One of the programmes comes from Galway, where Mary met with Stewart Forrest, who relocated with his family from South Africa to Oughterard, and Carol Ho, a Hong Kong native who has also settled in Galway.
The TG4 series also stops off in Sligo, Mayo, Kerry, Clare, Roscommon and Leitrim.
Read the full story in this week’s Connacht Tribune, on sale in shops now. Or you can download our digital edition from www.connachttribune.ie
Community’s tribute to one of their own – saving final cut of turf after his passing
A local community responded in force to the death of one of their own – a man who had given so much of his life for the good of the parish – by paying one last practical tribute to him last week.
They lifted and footed his turf.
John Geraghty – or Gero as he was known – lived for Gaelic football and he’d filled every role imaginable with the St Brendan’s GAA Club since he came to live in Newbridge in 1983.
He’d cut the turf before he died last Tuesday week, but there it lay, until his old GAA friends organised a bunch of guys – made up of the football team, friends and neighbours – to meet in the bog last Wednesday evening to lift and foot/clamp John’s turf.
“Upwards of 50 fellas from the community showed up,” said St Brendan’s chairman Gerry Kilcommins.
Which was just as well, because, as Gerry acknowledged, John – himself a two-time chairman of the club in the past – had a lot of turf cut!
“It took up an area around three-quarters of the size of a standard football pitch,” he said.
Not that this proved a problem, given the enthusiasm with which they rolled up their sleeves for their old friend.
They started at 7.30pm and had it done at 7.55pm – that’s just 25 minutes from start to finish.
Read the full, heartwarming story – and the St Brendan’s GAA Club appreciation for John Geraghty – in this week’s Connacht Tribune, on sale in shops now. Or you can download our digital edition from www.connachttribune.ie
Liver donor dad would do it all again in a heartbeat
It is nearly two years since Paddy Browne gave his daughter Sadhbh part of his liver to save her life. And just ahead of Father’s Day, he reflects on how he would do it all over again in a heartbeat, without a single moment’s hesitation.
After an initial testing time in the first six weeks when they beat a path to the intensive care unit after the operation in St King’s Hospital in London, Sadhbh has never looked back.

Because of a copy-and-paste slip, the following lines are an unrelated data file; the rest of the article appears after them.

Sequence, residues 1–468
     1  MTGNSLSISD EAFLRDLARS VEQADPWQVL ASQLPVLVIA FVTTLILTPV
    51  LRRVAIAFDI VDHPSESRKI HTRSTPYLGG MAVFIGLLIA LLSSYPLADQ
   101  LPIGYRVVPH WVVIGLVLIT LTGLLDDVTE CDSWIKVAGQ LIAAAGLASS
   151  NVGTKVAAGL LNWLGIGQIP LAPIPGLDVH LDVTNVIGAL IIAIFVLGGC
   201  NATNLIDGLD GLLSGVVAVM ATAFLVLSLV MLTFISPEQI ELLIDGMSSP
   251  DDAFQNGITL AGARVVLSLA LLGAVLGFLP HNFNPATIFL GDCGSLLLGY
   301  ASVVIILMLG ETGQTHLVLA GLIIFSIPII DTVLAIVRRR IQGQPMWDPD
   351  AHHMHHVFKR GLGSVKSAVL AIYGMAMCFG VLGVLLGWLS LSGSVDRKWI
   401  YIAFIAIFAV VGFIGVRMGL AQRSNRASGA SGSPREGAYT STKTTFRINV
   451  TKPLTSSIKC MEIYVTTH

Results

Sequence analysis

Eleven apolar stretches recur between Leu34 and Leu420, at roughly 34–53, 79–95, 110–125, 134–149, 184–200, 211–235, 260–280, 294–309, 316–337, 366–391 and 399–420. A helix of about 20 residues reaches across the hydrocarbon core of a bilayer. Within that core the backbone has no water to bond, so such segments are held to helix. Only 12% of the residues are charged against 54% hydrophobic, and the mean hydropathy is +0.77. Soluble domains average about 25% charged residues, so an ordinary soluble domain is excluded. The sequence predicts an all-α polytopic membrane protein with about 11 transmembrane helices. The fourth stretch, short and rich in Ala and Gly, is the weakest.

“She’s thrived and thrived and thrived. She skips out to school every day. She loves the normal fun and devilment in the yard. She’s now six and started football with Mountbellew Moylough GAA, she loves baking, she’s a voracious reader – she’ll read the whole time out loud while we drive up to Crumlin [Children’s Hospital].”
But it could have all been so different.
Sadhbh from Mountbellew was diagnosed with Biliary Atresia shortly after she was born. She quickly underwent major surgery to drain bile from her liver. It worked well until she reached three years old when an infection caused severe liver damage and she was placed on the liver transplant list.
She was on a long list of medication to manage the consequences of advanced liver disease. While she lived a full life, she would tire very easily.
Paddy was undergoing the rigorous process to be accepted as a living donor when one of the tests ruled him unsuitable. His brother Michael stepped forward and was deemed a good match.
Then, further tests revealed that Paddy was in fact eligible for the operation and the previous result disregarded as a false positive.
Read the full, uplifting story in this week’s Connacht Tribune, on sale in shops now. Or you can download our digital edition from www.connachttribune.ie
Organ Donor Cards can be obtained by phoning the Irish Kidney Association on 01 6205306 or Free text the word DONOR to 50050. You can also visit the website www.ika.ie/get-a-donor-card or download a free ‘digital organ donor card’ APP to your phone.